Black Enterprise Magazine celebrates its 50th Anniversary this year, a golden commemoration of the authority on all things concerning Black business. From its 100 Biggest Black-Owned Companies list to the profiling of Black people pioneering in the space, the accomplishments of Black Enterprise and the other businesses Earl Gilbert Graves established are all part of an impressive legacy in the Black American experience.
But his greatest accomplishment was his investment in his alma mater, Morgan State University.
The Graves School of Business and Management has graduated thousands of Black students at the undergraduate, masters, and doctoral levels of business and administration. The school’s honors program, which also bears his name, separates the elite among this group who go onto esteemed roles in entrepreneurship, training, and leadership.
Graves earned his degree from Morgan in 1958 but regularly visited the school throughout his life and into his later years. One of his last public appearances came at the grand opening of the new home of the Graves School, the Morgan Business Center in November 2015.
The Graves School is one of only 5% of business schools in the world accredited by the Association to Advance Collegiate Schools of Business, and it is among the top 1% with accreditation in management and accounting education. The school ranks among the top HBCU business schools in the number of graduates, highest employment percentage and the average salary of graduates, and those who go on to complete graduate school.
The education at the Graves School is rigorous and challenging, but among the most rewarding experiences that a student can have while pursuing an education in business. The dean, department chairs, faculty, and staff look like us, speak like us, teach like us, but more than anything, they believe in us. We are nurtured, and not surprisingly, well prepared for career placements in global corporations like Goldman Sachs, Morgan Stanley, Ernst & Young, Marriott International, and hundreds more.
There is a culture of pride and achievement in being a student and graduate of the Graves School, both on campus and within the corporate world. You can’t help but imagine that this culture that was once infused within the halls of the old George H. McMechen building and exists today blocks away in the new business school facility, because of the energy and confidence that a young man from Brooklyn, NY brought to northeast Baltimore more than a generation ago.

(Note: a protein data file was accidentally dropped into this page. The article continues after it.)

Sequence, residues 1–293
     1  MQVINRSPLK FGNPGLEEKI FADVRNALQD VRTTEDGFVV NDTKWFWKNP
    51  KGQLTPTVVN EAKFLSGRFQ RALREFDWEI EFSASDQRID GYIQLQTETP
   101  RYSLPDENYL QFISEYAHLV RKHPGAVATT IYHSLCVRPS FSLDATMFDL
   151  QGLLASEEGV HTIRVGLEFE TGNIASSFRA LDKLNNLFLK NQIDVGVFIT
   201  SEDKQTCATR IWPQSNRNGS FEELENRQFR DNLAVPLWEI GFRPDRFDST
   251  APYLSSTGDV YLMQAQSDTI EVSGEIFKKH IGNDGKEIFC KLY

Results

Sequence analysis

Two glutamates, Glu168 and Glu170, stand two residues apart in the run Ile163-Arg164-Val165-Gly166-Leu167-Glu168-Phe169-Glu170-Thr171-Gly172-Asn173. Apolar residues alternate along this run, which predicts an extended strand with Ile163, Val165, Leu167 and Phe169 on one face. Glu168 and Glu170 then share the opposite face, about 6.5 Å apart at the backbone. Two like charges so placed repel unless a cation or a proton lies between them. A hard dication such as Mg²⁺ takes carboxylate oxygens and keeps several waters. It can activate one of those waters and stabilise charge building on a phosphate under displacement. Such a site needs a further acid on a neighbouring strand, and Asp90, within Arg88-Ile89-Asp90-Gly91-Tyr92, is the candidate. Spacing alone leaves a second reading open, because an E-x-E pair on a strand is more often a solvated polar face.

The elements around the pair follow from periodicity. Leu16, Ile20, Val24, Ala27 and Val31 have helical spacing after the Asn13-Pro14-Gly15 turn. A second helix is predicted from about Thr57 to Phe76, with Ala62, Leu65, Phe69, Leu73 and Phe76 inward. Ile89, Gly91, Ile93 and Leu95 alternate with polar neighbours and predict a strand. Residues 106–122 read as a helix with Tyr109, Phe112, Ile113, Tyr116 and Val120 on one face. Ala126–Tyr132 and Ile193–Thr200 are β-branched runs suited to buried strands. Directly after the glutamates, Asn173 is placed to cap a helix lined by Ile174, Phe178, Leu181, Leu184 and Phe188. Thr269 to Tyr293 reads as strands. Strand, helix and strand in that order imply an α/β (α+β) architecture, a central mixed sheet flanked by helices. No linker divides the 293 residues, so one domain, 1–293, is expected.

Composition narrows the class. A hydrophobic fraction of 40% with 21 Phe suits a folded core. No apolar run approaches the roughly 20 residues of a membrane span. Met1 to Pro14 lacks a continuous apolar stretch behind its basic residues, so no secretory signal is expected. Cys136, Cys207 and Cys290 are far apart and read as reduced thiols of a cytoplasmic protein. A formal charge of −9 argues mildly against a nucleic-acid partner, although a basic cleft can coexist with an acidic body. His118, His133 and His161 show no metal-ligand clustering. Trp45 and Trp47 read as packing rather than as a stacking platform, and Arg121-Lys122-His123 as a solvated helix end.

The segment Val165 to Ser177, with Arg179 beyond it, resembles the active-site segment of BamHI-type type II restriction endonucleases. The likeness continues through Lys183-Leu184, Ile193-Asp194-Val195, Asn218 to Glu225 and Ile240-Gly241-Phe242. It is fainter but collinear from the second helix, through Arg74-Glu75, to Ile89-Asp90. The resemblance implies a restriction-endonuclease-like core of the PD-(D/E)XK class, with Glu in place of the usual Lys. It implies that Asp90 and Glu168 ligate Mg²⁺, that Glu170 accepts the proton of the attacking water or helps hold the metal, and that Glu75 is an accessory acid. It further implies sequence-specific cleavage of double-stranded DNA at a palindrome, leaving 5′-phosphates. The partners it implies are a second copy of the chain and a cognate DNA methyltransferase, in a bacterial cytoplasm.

He became an essential storyteller in our community, bringing attention to the idea of Black people having seats in racially homogenous workplaces and C-Suites. He single-handedly raised the profile of Black entrepreneurship in the United States and around the world, and made the prospects of minority-business owners a little easier in securing lucrative contracts and positioning the power of the Black dollar as a driver of the American economy.
His legacy of telling this story is vitally important, now more than ever. We reflect not only the personal success of the man but the products of his investment in young Black men and women who graduate from Morgan State. Their names may never reach the same fame which Graves himself achieved, along with the hundreds of thousands of entrepreneurs who realized dreams, created jobs and opportunity and set examples for their own communities because of his publication, but we all should be fortunate for the places he traveled through his business savvy, creativity, and love for Black people — because where he went, he took us all with him.
It’s imperative that we model this legacy. Giving our finances, time, and access towards building a new generation of leaders will not only help us to individually come close to what Graves did but to exceed it. His life is a call to action for all of us to build a living legacy that lasts and impacts for generations. As we say goodbye and a job well done to Mr. Graves, let us also celebrate his life by supporting and applauding his career’s greatest achievement, the investments made in the Earl Gilbert Graves Sr. School of Business and Management at Morgan State University.